Agencies and the Victims’ Charter
The Victims’ Charter sets out principles for how agencies should treat victims and their family members.
As agencies, through proactively meeting your obligation to comply with the Victims’ Charter, you can minimise the harms of secondary victimisation that many victims experience in the justice and victims’ services systems.
The Victims’ Charter aims to reduce secondary victimisation and increase victim participation in the justice system through the principles set out for investigatory, prosecuting and victims’ services agencies in engaging with victims of crime. These principles require you to ensure victims:
- Are treated with dignity, respect and courtesy.
- Have a say in the way they are communicated with, and have the information they need to engage with the justice system.
- Receive what they are entitled to during investigation, prosecution and court processes.
The Victims’ Charter principles are a mix of high-level statements and detailed obligations. If your agency does not comply with the principles in the Victims’ Charter and people adversely affected by crime are not satisfied with how your agency responds to their concerns, victims can request I carry out a complaint review. I also report annually on how your agency complies with the Victims’ Charter.
Is your agency required to comply?
If you or your agency is one of the following, then you are required to comply.
- An entity established under an enactment that is responsible for the provision of services to persons adversely affected by crime.
- A public official within the meaning of the Public Administration Act 2004 who is responsible for the provision of services to persons adversely affected by crime.
- An entity that is publicly funded to provide services to persons adversely affected by crime.
If your agency is required to comply with the Victims’ Charter, then it will be classified as an:
- An investigatory agency.
- A prosecution agency.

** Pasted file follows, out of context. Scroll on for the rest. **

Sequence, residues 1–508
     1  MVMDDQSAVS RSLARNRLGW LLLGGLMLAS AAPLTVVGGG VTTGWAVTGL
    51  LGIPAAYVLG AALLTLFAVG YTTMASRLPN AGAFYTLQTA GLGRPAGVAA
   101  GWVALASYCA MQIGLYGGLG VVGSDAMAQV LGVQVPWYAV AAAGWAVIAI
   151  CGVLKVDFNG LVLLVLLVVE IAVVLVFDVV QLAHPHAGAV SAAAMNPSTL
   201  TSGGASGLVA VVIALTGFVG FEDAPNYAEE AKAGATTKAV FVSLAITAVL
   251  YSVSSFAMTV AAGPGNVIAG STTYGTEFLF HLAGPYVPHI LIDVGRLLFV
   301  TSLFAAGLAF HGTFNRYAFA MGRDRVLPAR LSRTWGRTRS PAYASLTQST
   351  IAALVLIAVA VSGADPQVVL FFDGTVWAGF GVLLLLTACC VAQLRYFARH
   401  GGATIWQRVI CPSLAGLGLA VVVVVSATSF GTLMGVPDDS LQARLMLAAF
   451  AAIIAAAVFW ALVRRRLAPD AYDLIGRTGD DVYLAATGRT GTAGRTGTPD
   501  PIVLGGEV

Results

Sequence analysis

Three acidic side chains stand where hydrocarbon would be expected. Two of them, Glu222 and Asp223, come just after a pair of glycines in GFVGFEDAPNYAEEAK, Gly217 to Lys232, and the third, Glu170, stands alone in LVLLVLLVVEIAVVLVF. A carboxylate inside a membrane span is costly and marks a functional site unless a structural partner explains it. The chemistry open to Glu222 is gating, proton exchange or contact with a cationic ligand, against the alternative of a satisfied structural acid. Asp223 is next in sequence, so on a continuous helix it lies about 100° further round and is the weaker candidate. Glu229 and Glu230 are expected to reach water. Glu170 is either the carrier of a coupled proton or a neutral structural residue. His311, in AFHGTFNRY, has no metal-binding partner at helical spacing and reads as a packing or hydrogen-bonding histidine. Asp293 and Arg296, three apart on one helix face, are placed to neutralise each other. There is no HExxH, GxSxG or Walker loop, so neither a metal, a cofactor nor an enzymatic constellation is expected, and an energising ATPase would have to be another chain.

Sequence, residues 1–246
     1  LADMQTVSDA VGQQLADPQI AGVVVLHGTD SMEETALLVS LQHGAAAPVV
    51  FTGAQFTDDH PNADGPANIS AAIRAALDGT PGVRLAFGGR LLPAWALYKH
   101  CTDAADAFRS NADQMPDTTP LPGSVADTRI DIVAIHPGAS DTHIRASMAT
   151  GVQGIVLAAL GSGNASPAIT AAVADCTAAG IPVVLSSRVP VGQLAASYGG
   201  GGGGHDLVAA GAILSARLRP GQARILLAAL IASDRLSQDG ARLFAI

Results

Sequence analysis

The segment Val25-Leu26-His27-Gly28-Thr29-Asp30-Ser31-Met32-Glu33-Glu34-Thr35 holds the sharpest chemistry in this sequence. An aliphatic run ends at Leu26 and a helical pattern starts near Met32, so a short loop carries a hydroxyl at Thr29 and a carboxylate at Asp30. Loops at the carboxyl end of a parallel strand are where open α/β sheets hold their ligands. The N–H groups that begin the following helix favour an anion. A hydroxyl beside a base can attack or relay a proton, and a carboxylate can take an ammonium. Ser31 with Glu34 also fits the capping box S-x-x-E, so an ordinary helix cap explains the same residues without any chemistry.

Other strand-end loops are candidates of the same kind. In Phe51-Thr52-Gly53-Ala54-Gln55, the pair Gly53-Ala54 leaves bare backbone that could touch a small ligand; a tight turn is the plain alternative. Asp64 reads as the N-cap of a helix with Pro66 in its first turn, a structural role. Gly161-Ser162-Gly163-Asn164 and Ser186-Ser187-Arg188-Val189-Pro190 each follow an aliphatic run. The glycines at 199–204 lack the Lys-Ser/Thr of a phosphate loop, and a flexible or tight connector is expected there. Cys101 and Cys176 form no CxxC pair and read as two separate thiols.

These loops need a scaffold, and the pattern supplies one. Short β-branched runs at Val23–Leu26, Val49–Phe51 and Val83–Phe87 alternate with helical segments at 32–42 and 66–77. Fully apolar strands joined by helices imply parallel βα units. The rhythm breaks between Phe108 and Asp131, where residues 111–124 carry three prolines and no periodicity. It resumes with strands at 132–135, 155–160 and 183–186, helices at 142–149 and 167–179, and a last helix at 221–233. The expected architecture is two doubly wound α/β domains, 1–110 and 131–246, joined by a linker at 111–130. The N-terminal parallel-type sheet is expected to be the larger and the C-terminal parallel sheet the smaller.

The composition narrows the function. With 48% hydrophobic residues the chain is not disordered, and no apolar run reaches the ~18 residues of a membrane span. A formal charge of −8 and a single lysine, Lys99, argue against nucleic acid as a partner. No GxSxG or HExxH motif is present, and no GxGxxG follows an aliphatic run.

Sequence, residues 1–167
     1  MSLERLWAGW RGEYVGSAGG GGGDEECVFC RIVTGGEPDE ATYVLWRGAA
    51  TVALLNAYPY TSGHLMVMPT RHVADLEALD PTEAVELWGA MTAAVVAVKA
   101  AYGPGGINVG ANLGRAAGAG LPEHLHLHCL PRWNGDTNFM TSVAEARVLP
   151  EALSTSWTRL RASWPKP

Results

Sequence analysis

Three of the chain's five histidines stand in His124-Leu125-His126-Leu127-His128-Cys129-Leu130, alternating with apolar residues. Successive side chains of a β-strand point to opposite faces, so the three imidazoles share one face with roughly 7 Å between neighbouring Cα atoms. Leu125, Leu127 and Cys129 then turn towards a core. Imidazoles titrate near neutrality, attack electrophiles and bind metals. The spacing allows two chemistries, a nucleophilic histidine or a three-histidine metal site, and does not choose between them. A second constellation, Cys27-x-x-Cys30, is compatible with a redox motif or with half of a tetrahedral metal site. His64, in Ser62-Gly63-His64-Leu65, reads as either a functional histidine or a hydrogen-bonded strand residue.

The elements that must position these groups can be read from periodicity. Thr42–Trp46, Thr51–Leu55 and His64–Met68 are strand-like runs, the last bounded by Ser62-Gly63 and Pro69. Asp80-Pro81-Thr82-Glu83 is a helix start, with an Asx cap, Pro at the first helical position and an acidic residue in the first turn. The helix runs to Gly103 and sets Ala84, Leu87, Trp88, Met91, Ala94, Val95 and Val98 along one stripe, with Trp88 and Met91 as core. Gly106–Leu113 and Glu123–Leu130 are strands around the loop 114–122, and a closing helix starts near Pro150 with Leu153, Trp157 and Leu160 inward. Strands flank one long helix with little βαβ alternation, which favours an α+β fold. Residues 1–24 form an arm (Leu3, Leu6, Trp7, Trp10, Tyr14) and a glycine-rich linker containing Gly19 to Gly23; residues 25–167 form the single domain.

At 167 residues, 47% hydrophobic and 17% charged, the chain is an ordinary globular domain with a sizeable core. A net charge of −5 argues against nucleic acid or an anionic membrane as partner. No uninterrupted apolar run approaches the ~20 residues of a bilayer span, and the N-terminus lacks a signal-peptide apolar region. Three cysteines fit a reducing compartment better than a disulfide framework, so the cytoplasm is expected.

- A victims’ services agency.
Victoria Police and WorkSafe are categorised as both investigatory and prosecution agencies.
The Office of Public Prosecutions is the only other prosecuting agency. Other agencies required to comply with the Victims’ Charter are victims’ services agencies.
The Victims’ Charter sets out principles that apply to all investigatory, prosecuting and victims’ services agencies in Victoria. It defines these types of agencies broadly.
The following table outlines some examples of victims' services agencies that are required to comply with the Victims’ Charter:
Examples of agencies subject to the Victims’ Charter
Victims’ services agencies
A person or body responsible for developing criminal law policy, victims’ services policy, the administration of criminal justice or the administration of victims’ services must, where relevant, have regard to the Victims’ Charter principles.
Agencies that provide victims’ services in courts have obligations to comply with specific Victims’ Charter principles, but the Victims’ Charter does not explicitly apply to judicial officers or defence lawyers operating in the courtroom.
The Victims’ Charter does not specifically mention forensic service agencies such as the Victorian Institute of Forensic Medicine, or the Coroners Court of Victoria and its officers.